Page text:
How to be a great street photographer? Street photography is the art of capturing life, culture, and humanity candidly. A street photographer will take photographs in a public space with or without the inclusion of people.
The reality is, street photography means different things to different people. For me, it’s about capturing the unexpected and how I use my photography skills to portray my captured story to others.
The art of street photography makes it often difficult to measure expertise. Every minute, and every situation is different. Locations and compositions change. What happens in front of your lens is often out of your control and can change in an instant.
Here are a few tips I’ve found have helped me take better shots on the streets.
Let the photo tell the story
A street photographer’s role is to take the viewer on an exciting visual journey. Your photos should always tell the story.
New technology allow you to take great candid pics while drawing as little attention to yourself as possible.
Street photography is one of the most difficult forms of photography, because it is impossible to plan.
If you haven’t done it before, street photography can be very intimidating when you start but it really is great fun and can be very rewarding.
Develop your own visual language. Identify interesting subjects, colours, textures or shapes and then figure out how to capture them all in a quick, spontaneous instant.
Find your style, perfect it and let your photographs speak for themselves.
[bctt tweet=”Find your style, perfect it and let your Street Photography speak for itself.” username=”territorymob”]
Get up close and personal
There is an old expression in photojournalism that ‘if your photos aren’t good enough, you’re not close enough’. I was always taught to fill the shot so I do tend to get in close to my subject.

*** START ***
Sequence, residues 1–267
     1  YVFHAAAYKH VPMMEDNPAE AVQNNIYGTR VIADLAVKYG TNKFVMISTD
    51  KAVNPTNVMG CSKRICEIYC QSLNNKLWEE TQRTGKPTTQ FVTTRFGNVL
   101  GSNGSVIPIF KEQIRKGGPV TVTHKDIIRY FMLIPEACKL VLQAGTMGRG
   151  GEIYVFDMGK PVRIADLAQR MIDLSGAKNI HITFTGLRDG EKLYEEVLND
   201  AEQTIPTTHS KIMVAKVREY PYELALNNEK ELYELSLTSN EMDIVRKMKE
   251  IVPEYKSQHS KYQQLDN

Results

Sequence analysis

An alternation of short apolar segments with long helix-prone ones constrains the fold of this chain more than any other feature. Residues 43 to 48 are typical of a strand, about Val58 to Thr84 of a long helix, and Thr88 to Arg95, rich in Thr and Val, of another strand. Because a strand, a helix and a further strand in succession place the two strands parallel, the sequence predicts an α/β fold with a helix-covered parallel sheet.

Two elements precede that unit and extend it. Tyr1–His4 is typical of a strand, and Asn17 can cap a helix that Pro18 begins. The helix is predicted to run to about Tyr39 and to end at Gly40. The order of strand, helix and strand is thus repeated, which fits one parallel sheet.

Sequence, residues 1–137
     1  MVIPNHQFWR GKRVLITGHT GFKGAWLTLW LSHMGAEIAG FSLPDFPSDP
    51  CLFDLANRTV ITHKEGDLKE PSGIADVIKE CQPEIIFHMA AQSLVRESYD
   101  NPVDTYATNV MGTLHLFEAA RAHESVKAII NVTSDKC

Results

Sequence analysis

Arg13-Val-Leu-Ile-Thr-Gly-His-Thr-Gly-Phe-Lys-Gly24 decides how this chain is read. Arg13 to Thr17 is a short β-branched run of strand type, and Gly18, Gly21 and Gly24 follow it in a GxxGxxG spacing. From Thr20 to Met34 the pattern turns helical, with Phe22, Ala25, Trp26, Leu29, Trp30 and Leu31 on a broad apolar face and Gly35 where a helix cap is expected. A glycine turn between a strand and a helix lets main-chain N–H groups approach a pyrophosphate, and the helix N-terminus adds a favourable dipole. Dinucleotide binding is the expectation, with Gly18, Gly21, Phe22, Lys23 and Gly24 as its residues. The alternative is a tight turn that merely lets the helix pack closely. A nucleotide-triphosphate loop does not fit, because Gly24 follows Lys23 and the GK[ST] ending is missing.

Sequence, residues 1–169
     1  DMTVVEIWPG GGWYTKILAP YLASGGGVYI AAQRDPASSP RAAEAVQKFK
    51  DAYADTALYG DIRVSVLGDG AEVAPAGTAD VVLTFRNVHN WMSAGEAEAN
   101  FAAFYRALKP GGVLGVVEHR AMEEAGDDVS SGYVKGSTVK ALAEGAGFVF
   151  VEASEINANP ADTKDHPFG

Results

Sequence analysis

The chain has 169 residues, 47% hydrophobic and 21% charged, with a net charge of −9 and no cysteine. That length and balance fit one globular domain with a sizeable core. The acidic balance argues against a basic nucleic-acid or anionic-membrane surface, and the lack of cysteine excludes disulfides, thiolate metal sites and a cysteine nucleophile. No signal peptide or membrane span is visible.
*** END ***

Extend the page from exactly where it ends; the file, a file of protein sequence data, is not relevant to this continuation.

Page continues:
Some photographers try to minimise their contact with their subject and take photos from a distance. Others share what they are doing and why they are taking photos. It’s about perfecting your style and finding your comfort zone.
Take photos you enjoy
Capture an image that you love, first and foremost. Don’t worry if other people don’t get see what you see. Street photography is still a new form of photography and is yet to unfold in it’s entirety. It will grow.
Be adventurous – take strange images, shoot personal images, explore different perspectives and take risks. Be creative and have a good time. Enjoy your photography.
The more you explore with your photography, the more your images will become the real you and the better your work will become.
Choose your location
Street photography is about life – with or without images of people. Capture images during your daily life. Allow your images to be more personal and unique.
Tip: Consider a smaller camera such as a Sony A6000, or even a mobile phone camera as a portable option to have on you at all times.
Find a location and stay there. People watch. When the opportunity presents, you will ready with your camera to capture the most opportune moment.